Night of the Moon is a beautiful book both visually and content wise. The pictures are bright and inviting and consume the entire page, keeping even the youngest of listeners engaged. The book has an AR level of 4.1 and has 32 pages, making it work great for story time and well for independent readers too.
The book tells of seven-year-old Yasmeen, a Pakistani-American girl experiencing Ramadan. The story is moved along by the ever changing phases of the moon. While this book is adequately called a Muslim Holiday Story, it is very cultural. The characters go to the mosque, but the focus of the story is not why we fast, the revelation of the Qur’an to Prophet Muhammad (peace be upon him), or even manners. The story focuses on going to iftar parties, having henna painted on your hands, presents, and the very Pakistani-tradition of celebrating chand-raat, the night of the moon.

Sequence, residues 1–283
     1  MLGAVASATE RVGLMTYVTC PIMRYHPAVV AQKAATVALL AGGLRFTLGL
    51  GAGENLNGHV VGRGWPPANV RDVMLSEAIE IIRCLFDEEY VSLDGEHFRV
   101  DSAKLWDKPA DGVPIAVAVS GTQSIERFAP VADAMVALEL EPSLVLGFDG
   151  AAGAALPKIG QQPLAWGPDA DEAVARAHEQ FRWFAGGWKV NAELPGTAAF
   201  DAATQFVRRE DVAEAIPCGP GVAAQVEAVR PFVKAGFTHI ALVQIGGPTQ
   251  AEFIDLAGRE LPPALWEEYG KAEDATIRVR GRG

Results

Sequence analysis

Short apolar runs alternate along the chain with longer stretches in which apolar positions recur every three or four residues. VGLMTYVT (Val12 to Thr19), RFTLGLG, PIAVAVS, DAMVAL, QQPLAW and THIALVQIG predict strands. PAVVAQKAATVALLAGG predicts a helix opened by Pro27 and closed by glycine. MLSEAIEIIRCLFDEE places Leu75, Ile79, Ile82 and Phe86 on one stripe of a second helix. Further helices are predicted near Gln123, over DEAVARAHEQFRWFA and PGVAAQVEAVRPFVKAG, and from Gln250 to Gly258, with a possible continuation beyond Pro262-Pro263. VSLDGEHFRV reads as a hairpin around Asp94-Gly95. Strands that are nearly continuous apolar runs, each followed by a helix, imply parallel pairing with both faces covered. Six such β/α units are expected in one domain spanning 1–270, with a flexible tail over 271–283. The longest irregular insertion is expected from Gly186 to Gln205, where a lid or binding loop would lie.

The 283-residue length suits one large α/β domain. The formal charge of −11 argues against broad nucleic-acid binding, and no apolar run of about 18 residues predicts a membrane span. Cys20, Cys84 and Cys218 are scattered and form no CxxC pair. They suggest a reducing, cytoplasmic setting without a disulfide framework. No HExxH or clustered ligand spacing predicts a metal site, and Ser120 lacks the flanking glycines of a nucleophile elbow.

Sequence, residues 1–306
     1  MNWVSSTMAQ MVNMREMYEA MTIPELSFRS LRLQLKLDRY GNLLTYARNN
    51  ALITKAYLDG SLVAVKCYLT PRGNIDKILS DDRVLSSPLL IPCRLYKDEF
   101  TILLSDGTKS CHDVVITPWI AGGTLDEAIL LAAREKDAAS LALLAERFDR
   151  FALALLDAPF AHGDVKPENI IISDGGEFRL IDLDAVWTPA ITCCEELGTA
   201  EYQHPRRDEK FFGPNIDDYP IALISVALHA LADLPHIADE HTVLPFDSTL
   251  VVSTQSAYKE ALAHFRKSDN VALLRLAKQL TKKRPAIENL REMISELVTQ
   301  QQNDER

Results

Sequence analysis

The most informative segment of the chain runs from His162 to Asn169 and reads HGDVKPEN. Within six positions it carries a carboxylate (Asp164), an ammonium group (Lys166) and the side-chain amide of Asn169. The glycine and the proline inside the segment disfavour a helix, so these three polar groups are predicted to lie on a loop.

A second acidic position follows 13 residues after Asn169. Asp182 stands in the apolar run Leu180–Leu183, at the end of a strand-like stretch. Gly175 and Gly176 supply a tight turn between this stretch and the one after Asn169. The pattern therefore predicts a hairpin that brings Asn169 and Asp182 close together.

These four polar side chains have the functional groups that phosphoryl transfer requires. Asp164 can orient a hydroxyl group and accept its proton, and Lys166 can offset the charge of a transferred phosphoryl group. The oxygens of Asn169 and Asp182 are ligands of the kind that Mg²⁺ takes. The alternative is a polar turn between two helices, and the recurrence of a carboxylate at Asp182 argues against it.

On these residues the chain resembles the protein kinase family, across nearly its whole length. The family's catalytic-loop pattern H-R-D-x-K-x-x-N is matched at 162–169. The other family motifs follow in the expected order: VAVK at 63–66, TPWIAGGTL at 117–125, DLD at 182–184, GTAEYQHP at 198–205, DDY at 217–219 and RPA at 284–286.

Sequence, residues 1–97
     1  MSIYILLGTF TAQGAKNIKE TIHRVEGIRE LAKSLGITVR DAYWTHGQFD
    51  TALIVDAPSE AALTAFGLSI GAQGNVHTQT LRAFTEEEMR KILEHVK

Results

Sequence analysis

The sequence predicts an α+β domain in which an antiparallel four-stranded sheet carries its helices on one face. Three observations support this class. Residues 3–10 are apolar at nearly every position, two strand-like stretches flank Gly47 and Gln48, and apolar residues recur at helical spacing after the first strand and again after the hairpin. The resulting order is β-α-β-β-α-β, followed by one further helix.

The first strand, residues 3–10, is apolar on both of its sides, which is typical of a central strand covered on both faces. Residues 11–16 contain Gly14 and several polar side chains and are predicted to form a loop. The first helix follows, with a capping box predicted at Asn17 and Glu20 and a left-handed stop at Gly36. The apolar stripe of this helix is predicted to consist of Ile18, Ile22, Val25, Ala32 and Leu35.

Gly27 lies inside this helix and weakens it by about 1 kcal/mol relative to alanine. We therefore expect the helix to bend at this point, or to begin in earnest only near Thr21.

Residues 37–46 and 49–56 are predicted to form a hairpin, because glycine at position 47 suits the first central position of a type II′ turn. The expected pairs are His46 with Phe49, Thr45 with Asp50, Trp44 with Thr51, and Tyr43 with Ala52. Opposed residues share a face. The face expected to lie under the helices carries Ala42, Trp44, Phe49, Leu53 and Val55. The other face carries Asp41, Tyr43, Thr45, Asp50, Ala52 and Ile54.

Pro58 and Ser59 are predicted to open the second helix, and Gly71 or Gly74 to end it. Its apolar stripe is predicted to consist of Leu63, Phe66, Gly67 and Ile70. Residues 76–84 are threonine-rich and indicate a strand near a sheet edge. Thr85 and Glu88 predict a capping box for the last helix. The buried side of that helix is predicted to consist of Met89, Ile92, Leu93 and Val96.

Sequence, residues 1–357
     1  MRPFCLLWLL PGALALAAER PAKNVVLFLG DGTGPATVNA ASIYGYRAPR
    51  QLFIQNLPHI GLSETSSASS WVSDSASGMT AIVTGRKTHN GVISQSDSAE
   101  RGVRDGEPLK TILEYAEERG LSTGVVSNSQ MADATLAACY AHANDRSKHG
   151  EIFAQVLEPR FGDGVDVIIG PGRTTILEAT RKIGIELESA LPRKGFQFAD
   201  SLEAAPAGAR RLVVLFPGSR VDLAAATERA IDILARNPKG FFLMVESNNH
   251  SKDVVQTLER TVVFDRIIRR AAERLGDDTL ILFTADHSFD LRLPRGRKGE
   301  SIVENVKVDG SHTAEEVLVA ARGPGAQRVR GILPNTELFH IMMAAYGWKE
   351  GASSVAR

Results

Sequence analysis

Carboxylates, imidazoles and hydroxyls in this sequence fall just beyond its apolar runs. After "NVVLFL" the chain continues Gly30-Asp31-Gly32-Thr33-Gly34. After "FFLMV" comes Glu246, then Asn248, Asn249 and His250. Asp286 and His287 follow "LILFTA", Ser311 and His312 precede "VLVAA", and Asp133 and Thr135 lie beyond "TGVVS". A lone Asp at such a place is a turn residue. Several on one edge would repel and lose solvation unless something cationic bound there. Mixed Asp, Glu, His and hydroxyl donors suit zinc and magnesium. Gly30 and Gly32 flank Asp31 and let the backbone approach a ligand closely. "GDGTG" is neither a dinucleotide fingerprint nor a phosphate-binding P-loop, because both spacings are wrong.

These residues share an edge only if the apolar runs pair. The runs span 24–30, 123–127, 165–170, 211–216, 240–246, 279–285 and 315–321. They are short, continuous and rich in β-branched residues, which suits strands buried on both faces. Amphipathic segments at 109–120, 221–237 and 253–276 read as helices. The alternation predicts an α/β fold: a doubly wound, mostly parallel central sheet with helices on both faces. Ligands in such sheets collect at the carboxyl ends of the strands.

I like that this book shows Yasmeen talking about Eid at school with classmates of other backgrounds, I even like that her grandma wears hijab and her mother does not. I also like that they eat a variety of foods, from kebobs to cupcakes. Thus far, so many of the Ramadan and Eid books I’ve read contain the same information in a fictionalized setting, this one is definitely different, instead of focusing on what Ramadan is, it shows how it is celebrated. The book works well for Muslim and non Muslim children from all around the world. If your audience lives in American and has ties to the Asian subcontinent they will see them selves in this book, and even if they don’t, they will probably want to join Yasmeen and her family is celebrating Ramadan and the Night of the Moon.